We’re exposing the signals and triggers you cannot see that have the utmost importance for your sales and marketing teams.
The people visiting your website should be swept into your inbound funnel, but that is a drop in the ocean. The rest of the world is engaging with your competitor’s social profiles, their content, looking at events, and demonstrating intent to buy in numerous other ways you can’t track.
If you only rely on the small number of prospects who raise their hand to identify themselves, you will miss out on a ton of deals.
This week, we looked at the Accounting software industry, including some major players in the space. We were able to dissect that data and understand which vendors are favored by SMBs, Mid-Market companies, Enterprise organizations, and so on.
This is what we found. (See below for the full Infographic)
Who owns the general market?
It’s clear that Sage generally owns this market, with their name on more than 50% of the interactions from North American decision makers. That is a lot of signals of intent to buy!
Our team of data scientists found the market is completed with 22.9% of the interactions looking at Xero, 14% at Intuit, 10.7% at WaveHQ and 0.3% towards FreshBooks.
What’s interesting is that Xero, like Sage, is also an enterprise company, and the difference between their market share and Sage’s is vast. Usually, our clients see that the major players in an industry have a closer share of the market. It’s unusual to see such a high dominance from a single company.
But that is exactly the point of this data, to uncover these truths.
Company size intent
Before looking at this data, our team discussed how we expected this part of the Infographic to look. We all anticipated that the SMB market would make up over 50% of the total intent signals we found towards these vendors.
This is because there naturally are more small businesses than larger businesses, particularly in North America where startups are furiously popular right now.
According to our data, SMBs showed exactly two-thirds of the intent signals to buy from an Accounting Software vendor. Only 12.8% of the signals came from Enterprise buyers, which is very low considering we examined the Mid-Market and SMB spaces in comparison versus the Enterprise space.
Who owns the SMB market?
Sage displays their highest share of a particular market in the SMB market, where they’ve earned a very strong 53.1% of the market share. This is the only market in which FreshBooks managed a share greater than 0.1%, so you won’t actually see their name in the rest of this infographic.
This occurrence is quite common where there is a dominant player in a particular vertical. Normally, our clients will see the smaller companies they compete with take at least 5% of the signals we collect. But when there is one vendor with more than 50% of the market, the other vendors will, of course, take a smaller share.
Who owns the Mid-Market?
This is where it gets really interesting. FreshBooks again captures less than 0.1% of the Mid-Market share, so there are only really four vendors of primary importance here. While Sage once again dominates with more than half the engagements (53% again), Xero gained 3.1% as compared to their share of the SMB market.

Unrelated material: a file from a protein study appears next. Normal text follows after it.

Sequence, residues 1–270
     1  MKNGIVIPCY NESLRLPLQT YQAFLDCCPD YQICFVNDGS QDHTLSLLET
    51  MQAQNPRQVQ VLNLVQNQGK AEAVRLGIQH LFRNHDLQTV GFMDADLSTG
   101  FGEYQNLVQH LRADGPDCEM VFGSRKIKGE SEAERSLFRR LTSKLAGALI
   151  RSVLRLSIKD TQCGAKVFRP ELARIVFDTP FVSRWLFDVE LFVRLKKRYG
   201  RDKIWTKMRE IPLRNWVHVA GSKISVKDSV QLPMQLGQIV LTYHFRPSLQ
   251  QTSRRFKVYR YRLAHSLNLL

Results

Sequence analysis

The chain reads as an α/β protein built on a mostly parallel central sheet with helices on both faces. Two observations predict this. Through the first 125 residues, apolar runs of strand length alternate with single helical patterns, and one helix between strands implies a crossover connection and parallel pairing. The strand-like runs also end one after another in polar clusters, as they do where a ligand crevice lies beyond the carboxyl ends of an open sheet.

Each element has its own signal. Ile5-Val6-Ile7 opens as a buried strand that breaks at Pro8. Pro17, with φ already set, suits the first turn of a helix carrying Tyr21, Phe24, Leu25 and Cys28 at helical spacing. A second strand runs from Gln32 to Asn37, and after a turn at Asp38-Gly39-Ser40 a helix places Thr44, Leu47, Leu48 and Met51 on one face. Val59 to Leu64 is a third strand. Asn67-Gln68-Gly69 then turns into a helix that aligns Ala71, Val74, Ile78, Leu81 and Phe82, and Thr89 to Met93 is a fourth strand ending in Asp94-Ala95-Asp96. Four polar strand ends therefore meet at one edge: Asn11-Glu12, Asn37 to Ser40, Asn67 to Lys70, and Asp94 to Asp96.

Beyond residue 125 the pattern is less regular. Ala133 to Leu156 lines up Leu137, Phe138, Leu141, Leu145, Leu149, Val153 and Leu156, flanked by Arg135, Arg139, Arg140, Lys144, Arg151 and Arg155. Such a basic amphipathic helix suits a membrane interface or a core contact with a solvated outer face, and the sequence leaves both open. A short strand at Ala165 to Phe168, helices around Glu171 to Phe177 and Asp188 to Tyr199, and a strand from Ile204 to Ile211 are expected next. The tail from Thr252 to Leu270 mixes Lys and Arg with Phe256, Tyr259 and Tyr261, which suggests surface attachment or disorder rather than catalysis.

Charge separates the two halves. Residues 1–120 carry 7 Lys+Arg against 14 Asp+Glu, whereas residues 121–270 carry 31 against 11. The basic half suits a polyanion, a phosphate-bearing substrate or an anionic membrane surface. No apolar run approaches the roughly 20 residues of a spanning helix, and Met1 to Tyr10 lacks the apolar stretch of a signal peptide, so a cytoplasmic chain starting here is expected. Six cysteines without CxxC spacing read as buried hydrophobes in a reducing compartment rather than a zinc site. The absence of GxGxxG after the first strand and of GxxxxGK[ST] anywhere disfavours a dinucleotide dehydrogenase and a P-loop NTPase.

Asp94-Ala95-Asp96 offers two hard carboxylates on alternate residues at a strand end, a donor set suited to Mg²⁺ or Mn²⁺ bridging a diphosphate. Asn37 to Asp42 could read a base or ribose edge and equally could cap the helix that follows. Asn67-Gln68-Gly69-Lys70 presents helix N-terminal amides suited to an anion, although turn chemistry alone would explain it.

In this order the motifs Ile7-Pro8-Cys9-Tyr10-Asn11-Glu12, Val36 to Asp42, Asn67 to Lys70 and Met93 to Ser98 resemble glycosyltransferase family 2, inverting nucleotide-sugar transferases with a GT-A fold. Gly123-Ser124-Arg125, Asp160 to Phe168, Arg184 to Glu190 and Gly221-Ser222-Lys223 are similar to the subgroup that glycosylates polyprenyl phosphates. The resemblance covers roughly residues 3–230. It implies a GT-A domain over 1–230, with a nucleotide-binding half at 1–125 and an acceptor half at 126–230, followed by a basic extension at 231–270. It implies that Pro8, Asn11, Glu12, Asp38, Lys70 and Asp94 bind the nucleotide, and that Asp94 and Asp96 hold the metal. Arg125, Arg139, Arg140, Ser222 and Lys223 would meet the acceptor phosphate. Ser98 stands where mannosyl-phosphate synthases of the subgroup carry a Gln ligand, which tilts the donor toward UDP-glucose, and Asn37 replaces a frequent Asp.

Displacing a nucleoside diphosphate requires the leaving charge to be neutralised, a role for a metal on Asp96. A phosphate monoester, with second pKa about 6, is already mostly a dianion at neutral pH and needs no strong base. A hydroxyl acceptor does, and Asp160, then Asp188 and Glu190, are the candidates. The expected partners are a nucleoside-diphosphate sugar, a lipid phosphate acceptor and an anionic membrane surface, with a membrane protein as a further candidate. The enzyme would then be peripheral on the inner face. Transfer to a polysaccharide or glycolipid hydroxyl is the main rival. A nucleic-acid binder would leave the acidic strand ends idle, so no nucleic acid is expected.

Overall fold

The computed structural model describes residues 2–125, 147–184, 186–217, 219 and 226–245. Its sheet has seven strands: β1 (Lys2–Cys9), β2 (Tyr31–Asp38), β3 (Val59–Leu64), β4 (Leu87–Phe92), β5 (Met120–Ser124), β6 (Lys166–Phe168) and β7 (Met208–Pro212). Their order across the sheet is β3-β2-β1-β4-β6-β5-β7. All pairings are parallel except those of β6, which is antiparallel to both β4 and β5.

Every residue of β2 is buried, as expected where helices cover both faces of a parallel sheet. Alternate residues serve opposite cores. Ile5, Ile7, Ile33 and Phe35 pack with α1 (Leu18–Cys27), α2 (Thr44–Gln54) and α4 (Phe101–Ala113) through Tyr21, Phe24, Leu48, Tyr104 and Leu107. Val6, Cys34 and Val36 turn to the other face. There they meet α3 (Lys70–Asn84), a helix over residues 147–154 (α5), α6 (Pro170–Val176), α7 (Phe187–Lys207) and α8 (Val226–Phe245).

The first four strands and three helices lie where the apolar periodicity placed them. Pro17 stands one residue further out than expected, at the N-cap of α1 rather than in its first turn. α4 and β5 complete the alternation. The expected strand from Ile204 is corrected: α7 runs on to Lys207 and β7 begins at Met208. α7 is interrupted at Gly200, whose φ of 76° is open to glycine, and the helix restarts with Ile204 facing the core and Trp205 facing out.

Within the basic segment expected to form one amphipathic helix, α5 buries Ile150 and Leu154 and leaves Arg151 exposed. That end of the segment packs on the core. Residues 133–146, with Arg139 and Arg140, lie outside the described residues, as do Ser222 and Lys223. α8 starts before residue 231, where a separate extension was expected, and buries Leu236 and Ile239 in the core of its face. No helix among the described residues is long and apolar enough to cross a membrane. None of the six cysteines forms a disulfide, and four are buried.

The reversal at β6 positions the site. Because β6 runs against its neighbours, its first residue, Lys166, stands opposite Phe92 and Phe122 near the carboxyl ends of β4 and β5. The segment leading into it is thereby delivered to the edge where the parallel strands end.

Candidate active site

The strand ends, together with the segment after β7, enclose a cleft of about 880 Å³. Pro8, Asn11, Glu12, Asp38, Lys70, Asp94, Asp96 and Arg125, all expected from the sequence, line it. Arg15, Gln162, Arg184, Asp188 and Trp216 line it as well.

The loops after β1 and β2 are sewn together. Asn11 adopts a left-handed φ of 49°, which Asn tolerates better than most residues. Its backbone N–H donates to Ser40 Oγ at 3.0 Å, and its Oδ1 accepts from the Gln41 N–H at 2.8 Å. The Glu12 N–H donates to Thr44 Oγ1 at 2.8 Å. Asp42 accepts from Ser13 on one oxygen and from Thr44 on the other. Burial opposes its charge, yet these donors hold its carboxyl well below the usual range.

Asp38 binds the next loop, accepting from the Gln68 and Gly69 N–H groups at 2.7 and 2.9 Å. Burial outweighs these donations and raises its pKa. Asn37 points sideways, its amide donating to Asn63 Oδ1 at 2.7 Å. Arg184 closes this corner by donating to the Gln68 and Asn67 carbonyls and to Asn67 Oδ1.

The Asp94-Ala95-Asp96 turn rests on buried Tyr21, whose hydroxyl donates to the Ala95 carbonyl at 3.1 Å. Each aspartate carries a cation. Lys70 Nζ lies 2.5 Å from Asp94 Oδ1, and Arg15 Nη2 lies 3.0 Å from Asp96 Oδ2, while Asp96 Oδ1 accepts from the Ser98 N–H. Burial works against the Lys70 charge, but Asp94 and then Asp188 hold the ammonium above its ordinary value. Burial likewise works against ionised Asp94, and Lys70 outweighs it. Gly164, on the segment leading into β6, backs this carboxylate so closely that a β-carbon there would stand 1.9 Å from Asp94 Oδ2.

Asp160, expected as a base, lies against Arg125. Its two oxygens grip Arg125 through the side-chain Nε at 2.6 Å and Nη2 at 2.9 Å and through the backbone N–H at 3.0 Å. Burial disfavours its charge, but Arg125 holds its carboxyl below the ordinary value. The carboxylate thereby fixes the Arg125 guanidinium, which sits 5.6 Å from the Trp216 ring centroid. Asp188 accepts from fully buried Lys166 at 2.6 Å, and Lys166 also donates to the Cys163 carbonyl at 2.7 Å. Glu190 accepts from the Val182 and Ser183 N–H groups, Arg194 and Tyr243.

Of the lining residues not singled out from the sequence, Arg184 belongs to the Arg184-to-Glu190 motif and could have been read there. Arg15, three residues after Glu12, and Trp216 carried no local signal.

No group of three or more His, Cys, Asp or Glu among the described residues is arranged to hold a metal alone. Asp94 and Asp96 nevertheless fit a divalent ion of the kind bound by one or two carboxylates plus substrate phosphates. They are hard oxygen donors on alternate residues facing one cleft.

Intuit slipped to 10.9%, while WaveHQ maintained roughly 10%. The only real movement is where Xero has captured one-quarter of the market and Sage over half. Intuit saved their worst performance for mid-market, which is where most of the gain Xero experienced.
Hey! If you like this, you’d love 100 of our leads for free.
Who owns the Enterprise market?
Get ready for a surprise in the Enterprise market…
Surprisingly, Sage experienced worst share of the market in the Enterprise market, slipping to less than half, at 45.8%. The ground they lost is taken up by both WaveHQ, which gained 3%, but most significantly, Intuit which gained 12%.
Intuit is the company to watch here, because it is rare that one company can gain 12% share of the market in one sector vs another.
Similarly, Xero lost 8% in the Enterprise market compared to their share of the Mid-Market. This is a very significant loss given that they owned 25% of the Mid-Market.
Intent signals by seniority
Lastly, we’re surprised to see the Director-level employees in the buying companies feature so prominently in this data set.
The usual players showing the most intent to buy are those persons with Manager and C-Level job titles, as evidenced by the numbers below. VPs and Directors, however, typically fall in between the top-tier leadership and the everyday users of a software or platform, who would naturally look at vendors that would impact their work on a daily basis.
Director-level employees showing intent to buy from one of our five vendors here made up 21% of the data, which we usually expect to be around the 10% mark. Although they are still second highest, the Management level is quite low compared to what we usually see across our clients and industries.
Some experience the Management level peaking at 40%, where the C level peaks at around 25% to 30% in most cases.
The key takeaway for accounting software companies: target the C level!
Want to know what your industry truly looks like? Send us an email or book some time on our calendar to better understand your buyers, so you can position yourself and your company correctly in front of the right buyers at the right time.